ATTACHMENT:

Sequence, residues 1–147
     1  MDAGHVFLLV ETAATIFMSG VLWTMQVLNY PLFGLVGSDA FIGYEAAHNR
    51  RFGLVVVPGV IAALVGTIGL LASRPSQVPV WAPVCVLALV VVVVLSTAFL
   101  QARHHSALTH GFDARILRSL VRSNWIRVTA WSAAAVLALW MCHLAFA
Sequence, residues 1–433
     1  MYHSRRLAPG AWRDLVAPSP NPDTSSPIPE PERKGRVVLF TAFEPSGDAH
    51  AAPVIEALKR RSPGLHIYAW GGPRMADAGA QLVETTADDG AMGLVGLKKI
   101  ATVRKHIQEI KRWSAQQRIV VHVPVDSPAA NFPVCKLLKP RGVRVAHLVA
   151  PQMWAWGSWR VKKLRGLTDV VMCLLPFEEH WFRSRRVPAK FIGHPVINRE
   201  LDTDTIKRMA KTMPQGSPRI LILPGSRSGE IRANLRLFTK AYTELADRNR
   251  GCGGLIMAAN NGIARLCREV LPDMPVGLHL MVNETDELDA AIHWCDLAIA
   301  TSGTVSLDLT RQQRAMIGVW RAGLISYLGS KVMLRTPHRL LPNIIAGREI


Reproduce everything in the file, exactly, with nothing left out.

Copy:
Sequence, residues 1–147
     1  MDAGHVFLLV ETAATIFMSG VLWTMQVLNY PLFGLVGSDA FIGYEAAHNR
    51  RFGLVVVPGV IAALVGTIGL LASRPSQVPV WAPVCVLALV VVVVLSTAFL
   101  QARHHSALTH GFDARILRSL VRSNWIRVTA WSAAAVLALW MCHLAFA
Sequence, residues 1–433
     1  MYHSRRLAPG AWRDLVAPSP NPDTSSPIPE PERKGRVVLF TAFEPSGDAH
    51  AAPVIEALKR RSPGLHIYAW GGPRMADAGA QLVETTADDG AMGLVGLKKI
   101  ATVRKHIQEI KRWSAQQRIV VHVPVDSPAA NFPVCKLLKP RGVRVAHLVA
   151  PQMWAWGSWR VKKLRGLTDV VMCLLPFEEH WFRSRRVPAK FIGHPVINRE
   201  LDTDTIKRMA KTMPQGSPRI LILPGSRSGE IRANLRLFTK AYTELADRNR
   251  GCGGLIMAAN NGIARLCREV LPDMPVGLHL MVNETDELDA AIHWCDLAIA
   301  TSGTVSLDLT RQQRAMIGVW RAGLISYLGS KVMLRTPHRL LPNIIAGREI